Tough day to be a little-big cat in the Southern U.S.
Not only are they puny, evicted, and rare enough to be protected, but with a Supreme Court decision, two species of carnivorous felines – the ocelot and the jaguarundi – have to cross the equivalent of an Army obstacle course before they can get any lovin’.
In what’s got to be a cruel quirk of evolution and environment, some members of the two species already paddle across the Rio Grande River, which separates Mexico from the U.S., in order to mate. With the Supreme Court’s June 23 pro-border-fence decision, the cats will now be separated by a huge freaking wall.
The pro-animal folks tried to stop it, as pointed out in this Associated Press story:
“Environmentalists have said the fence puts already endangered species such as two types of wild cats--the ocelot and the jaguarundi--in even more danger. The fence would prevent them from swimming across the Rio Grande to mate.”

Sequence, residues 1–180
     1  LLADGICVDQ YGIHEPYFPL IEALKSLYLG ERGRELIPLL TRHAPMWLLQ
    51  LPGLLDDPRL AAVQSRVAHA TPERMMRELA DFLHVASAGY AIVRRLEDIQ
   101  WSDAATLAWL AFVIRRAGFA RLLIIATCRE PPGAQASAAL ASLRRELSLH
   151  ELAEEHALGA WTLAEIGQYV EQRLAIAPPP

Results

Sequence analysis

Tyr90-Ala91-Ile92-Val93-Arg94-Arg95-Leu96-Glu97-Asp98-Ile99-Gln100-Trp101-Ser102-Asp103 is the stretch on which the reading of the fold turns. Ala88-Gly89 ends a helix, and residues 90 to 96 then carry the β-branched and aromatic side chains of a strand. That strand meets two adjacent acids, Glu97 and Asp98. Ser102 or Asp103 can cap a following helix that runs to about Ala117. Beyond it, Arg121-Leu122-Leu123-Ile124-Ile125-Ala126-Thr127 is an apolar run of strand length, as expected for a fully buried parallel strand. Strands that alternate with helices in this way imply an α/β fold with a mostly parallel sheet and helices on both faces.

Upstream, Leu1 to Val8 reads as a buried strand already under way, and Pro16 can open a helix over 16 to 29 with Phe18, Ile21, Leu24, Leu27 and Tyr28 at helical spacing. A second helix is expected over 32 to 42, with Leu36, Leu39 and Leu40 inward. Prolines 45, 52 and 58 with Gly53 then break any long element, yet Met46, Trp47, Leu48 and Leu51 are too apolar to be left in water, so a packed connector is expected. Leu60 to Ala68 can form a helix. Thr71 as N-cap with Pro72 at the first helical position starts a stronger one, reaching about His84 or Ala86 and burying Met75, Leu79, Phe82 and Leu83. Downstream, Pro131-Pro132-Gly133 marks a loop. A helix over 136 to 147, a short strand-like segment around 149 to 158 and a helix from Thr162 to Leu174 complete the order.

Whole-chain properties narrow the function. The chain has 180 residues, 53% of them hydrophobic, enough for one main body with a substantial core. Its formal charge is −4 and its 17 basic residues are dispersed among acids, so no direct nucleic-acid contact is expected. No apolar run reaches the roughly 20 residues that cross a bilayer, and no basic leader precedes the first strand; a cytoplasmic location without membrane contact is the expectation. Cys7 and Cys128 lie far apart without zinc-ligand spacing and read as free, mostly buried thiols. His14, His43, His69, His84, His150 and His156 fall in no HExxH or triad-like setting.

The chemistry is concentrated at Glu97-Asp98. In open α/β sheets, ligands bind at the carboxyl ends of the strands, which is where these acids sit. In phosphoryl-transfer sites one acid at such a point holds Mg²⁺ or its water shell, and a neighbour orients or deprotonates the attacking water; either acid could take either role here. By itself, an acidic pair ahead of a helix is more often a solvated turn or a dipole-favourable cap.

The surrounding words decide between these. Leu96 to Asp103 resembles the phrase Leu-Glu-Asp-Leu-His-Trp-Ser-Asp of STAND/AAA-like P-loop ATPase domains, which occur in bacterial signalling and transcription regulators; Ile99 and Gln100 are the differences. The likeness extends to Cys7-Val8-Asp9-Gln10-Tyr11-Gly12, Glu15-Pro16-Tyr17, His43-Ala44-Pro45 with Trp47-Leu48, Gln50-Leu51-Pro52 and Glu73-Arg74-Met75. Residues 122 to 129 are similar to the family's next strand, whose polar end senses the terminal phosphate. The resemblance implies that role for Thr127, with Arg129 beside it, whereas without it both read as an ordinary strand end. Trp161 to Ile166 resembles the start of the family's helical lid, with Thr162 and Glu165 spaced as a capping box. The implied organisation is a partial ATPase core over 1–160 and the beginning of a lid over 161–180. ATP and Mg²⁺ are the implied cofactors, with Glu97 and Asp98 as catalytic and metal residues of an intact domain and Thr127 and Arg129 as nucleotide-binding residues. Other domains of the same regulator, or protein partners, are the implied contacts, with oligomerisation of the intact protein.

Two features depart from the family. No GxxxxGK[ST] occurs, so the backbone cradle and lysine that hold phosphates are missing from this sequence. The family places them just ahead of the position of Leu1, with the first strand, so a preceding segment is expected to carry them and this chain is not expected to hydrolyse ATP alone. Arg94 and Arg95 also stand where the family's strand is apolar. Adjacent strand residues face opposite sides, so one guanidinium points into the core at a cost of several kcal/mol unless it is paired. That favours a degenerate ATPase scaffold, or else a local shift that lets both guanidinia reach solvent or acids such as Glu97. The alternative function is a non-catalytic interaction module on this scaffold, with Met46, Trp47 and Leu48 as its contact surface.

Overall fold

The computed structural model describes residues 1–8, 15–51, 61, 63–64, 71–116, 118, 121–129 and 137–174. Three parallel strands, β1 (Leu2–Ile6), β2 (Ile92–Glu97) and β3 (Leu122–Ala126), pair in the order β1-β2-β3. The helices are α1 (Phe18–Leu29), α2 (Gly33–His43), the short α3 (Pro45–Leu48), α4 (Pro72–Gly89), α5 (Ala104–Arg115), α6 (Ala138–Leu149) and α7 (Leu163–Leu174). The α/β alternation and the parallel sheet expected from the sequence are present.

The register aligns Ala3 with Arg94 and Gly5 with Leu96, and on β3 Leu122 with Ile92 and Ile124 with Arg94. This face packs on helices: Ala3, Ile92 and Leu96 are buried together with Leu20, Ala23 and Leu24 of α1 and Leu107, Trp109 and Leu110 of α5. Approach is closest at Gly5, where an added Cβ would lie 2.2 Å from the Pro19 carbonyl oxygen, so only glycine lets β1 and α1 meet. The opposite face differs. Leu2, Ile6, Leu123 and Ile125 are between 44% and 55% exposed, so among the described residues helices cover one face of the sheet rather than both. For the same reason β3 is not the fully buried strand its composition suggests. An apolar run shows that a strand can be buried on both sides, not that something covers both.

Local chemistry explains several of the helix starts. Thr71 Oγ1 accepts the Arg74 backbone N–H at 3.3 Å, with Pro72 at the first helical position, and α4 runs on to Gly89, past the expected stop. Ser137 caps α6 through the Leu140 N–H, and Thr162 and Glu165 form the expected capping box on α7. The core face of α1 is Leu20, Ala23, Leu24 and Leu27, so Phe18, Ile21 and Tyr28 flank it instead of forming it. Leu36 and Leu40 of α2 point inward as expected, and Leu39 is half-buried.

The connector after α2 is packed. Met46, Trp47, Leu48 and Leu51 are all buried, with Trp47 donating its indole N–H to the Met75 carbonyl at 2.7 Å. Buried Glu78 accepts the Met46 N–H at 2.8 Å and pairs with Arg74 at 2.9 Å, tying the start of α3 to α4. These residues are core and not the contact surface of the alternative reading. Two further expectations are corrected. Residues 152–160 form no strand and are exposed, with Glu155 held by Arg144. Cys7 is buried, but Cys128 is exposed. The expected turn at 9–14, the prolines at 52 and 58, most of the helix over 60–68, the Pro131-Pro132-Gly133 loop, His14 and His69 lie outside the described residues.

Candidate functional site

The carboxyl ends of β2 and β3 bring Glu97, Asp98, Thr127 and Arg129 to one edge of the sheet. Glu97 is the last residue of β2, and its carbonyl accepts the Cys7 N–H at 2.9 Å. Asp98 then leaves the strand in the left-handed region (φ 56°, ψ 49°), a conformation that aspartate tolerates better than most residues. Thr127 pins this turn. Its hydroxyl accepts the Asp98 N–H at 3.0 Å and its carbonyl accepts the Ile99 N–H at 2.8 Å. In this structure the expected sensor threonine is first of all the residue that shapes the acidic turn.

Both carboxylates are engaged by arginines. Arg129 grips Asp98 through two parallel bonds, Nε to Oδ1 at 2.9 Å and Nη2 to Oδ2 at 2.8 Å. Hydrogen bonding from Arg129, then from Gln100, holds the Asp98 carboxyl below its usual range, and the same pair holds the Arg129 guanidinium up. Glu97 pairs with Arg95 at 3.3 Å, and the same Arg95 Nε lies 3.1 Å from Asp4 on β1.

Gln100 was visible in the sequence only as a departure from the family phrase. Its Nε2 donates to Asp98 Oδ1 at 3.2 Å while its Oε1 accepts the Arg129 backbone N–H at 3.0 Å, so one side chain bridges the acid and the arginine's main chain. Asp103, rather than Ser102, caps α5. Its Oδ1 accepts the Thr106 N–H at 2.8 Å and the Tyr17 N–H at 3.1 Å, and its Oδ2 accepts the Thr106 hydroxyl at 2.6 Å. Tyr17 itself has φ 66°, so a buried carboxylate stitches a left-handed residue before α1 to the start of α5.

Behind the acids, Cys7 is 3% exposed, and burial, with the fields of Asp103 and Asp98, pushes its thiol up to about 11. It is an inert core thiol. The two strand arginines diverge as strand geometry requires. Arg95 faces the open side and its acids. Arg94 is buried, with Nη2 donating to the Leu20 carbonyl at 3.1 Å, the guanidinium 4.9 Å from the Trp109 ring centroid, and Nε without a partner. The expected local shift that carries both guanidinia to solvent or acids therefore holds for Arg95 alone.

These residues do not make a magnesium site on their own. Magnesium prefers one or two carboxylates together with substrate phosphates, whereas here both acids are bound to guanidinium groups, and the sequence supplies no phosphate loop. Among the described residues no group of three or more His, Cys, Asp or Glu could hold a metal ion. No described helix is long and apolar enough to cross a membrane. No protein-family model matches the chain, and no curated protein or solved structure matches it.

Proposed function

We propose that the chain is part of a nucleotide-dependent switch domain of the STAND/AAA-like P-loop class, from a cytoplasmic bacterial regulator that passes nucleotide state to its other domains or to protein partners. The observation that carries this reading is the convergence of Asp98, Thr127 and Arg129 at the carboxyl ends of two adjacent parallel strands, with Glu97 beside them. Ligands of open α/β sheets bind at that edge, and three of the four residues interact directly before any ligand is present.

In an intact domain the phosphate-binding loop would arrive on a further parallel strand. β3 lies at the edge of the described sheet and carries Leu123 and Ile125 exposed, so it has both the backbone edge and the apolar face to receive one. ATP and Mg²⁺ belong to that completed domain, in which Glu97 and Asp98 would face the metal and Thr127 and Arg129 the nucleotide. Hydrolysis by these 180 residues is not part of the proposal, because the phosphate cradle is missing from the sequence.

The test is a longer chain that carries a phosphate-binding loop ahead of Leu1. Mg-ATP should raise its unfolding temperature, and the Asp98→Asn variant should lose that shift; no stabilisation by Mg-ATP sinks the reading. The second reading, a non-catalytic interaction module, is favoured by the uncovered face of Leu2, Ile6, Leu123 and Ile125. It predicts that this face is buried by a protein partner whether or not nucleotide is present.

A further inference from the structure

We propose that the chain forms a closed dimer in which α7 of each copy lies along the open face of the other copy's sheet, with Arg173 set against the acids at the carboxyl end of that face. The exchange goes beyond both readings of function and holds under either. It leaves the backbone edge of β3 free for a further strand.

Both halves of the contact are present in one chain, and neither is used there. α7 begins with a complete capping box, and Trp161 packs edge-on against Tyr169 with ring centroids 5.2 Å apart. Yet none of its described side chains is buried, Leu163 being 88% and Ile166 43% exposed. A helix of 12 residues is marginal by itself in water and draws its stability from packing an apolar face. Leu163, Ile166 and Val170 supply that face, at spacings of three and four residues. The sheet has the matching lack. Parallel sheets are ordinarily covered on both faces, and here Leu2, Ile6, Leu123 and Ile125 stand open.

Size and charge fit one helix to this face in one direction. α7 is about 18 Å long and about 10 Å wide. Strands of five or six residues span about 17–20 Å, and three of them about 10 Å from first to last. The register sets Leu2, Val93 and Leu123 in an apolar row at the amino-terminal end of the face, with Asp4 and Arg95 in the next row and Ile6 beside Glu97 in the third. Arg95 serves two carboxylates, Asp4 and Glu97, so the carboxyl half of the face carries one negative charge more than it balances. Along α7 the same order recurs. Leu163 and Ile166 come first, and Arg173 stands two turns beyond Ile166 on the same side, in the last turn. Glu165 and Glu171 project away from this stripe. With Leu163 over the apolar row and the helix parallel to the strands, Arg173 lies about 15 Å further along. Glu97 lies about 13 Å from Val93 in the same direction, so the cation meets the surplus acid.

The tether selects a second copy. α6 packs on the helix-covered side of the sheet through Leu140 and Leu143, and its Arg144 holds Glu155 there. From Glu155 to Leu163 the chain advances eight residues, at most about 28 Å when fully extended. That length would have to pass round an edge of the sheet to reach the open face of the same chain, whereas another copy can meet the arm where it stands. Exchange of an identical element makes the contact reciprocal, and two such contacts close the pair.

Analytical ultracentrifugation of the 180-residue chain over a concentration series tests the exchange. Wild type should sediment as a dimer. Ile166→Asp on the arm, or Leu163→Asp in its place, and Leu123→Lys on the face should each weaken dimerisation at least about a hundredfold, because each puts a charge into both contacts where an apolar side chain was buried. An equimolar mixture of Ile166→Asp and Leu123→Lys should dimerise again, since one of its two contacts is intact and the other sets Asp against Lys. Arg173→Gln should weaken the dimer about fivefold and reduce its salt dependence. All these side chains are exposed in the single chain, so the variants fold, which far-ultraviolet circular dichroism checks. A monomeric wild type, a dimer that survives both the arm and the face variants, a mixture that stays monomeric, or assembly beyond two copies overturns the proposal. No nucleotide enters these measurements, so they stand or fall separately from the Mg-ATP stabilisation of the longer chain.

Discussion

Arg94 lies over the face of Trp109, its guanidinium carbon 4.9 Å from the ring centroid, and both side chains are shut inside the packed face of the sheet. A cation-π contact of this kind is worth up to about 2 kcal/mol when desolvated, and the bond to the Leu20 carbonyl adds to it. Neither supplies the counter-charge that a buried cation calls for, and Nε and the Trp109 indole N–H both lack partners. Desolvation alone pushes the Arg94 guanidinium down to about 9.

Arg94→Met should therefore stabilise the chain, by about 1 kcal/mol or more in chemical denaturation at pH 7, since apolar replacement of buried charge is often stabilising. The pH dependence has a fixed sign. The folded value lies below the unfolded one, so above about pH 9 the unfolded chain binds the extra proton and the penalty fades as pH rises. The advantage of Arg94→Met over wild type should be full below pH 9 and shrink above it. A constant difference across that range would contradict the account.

But the Supreme Court wasn’t having it. The border fence is like throwing the bomb in rock-paper-scissors: fence trumps landowners; fence trumps wildlife; fence trumps environmental laws.
The AP reports that fence builders have already run roughshod over about 40 environmental laws. The Supreme Court's decision upheld that it was within the Homeland Security Secretary's powers to do so.
So far, the government has erected slightly less than 350 miles of border fence, and plans are in the works to just about double that.--Casey Lyons